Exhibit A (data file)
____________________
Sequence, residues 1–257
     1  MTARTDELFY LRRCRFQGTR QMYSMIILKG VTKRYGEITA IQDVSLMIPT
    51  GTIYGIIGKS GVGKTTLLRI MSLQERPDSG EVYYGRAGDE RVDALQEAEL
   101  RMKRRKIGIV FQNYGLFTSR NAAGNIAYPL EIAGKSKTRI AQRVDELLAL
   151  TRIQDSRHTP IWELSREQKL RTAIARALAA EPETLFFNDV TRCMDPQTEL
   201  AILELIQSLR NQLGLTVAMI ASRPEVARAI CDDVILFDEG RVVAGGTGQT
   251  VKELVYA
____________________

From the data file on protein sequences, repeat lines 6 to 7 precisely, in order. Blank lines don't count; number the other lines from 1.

   201  AILELIQSLR NQLGLTVAMI ASRPEVARAI CDDVILFDEG RVVAGGTGQT
   251  VKELVYA